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Seizure Medications for Children & Teens

Seizure Medications for Children & Teens Seizure Medications for Children & Teens

​​​​​There are many medicines that treat seizures. But, seizure medications do not cure seizures, they control seizures. Some medications only work to control for specific types of seizures. Other medications work to control a wide variety of seizure types.

Choosing the Right Medication

Choosing the right medication depends on a number of factors including:

  • Type of seizure a child has

  • Age of the child

  • Other medical problems the child has

  • Other medicines the child takes

  • Side effects of the medicine

Seizure Medication Safety

It is important to understand how to properly take a seizure medicine. Some medications are given once a day while others are given twice or three times a day. Rarely, seizure medications may be given up to four times per day. Knowing both the brand name and generic name, the dose, and when to take the medication is very important. Additionally, being familiar with possible side effects of the medication and any necessary blood tests while on the medication is helpful.

Only a few of the widely used medications used to treat seizures are approved by the FDA for use in children. Your doctor can tell you the details of your child's specific medication including the indications for use and its safety profile.

Types of Seizure Medication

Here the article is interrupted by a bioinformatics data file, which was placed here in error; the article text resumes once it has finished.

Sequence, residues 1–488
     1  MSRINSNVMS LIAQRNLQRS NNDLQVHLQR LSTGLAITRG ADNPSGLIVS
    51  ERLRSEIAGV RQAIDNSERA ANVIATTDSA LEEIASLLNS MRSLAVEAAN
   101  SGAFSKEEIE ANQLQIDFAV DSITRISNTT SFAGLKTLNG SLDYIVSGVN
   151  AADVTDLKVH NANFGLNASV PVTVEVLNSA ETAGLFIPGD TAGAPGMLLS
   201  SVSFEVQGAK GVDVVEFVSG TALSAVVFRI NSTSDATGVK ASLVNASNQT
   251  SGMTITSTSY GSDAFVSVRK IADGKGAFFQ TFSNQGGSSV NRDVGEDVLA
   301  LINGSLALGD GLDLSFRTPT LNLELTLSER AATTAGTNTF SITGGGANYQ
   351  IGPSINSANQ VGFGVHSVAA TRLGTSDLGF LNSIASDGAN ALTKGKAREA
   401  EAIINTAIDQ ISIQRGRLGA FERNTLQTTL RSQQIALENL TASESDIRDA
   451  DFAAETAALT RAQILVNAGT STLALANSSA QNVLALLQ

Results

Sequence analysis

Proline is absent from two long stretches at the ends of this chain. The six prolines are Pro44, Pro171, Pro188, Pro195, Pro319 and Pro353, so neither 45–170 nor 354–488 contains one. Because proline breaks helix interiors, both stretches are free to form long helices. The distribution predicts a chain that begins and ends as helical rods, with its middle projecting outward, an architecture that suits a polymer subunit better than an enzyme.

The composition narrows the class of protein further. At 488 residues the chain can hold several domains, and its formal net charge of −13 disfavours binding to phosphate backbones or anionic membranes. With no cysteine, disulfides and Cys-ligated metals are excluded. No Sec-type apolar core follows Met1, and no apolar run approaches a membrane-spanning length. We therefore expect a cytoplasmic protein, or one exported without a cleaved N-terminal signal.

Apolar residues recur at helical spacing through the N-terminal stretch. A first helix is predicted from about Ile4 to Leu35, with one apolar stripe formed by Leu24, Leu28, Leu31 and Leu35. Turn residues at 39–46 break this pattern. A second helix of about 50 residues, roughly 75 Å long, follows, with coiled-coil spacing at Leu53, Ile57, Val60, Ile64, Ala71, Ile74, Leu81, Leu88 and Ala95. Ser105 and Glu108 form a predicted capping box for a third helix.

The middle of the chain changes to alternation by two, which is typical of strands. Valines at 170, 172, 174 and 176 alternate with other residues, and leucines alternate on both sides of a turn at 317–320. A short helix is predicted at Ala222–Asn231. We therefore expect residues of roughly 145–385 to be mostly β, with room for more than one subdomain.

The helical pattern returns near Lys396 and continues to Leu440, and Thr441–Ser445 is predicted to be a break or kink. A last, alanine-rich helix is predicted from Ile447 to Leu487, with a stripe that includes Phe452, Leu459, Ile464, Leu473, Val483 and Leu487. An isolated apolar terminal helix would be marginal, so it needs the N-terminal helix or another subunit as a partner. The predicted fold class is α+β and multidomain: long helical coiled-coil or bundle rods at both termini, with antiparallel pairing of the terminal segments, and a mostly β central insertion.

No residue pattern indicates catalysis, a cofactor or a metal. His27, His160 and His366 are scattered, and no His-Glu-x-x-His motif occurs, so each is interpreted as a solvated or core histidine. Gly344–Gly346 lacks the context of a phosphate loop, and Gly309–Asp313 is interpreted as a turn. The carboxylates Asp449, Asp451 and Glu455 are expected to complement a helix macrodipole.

There are many different types of seizures and some medications work better for certain seizures types. Some common seizure types include focal, generalized tonic-clonic, and absence. There is also a growing number of newer medications that can be used to treat specific types of seizures.

Tonic-clonic seizures

Common medications used for generalized tonic-clonic seizures include:

  • Clobazam

  • Lamotrigine

  • Levetiracetam

  • Rufinamide

  • Topiramate

  • Valproate

  • Zonisamide

Note: Many of these medications are also used to treat focal seizures.

Focal seizures

Common medications used for focal seizures include:

  • Carbamazepine

  • Oxcarbazepine

  • Lacosamide

Absence seizures

The most classic medication used for absence seizures is ethosuximide, but valproate is also commonly prescribed.

Side Effects from Seizure Medications

All medications, even over-the-counter medicines, have the risk of side effects. Therefore, all seizures medications have some risk of side effects. Most children have few or no problems with side effects from seizure medications. Side effects vary by medication but may include:

  • Feeling sleepy

  • Rash

  • Mood changes

  • Irritability

  • Stomach problems

Some less common side effects are hard to see and may affect the liver, kidneys, or blood cells. To monitor for these side effects, blood work may be done. Some side effects occur more often at higher doses and may be avoided if a lower dose of the medication can be used.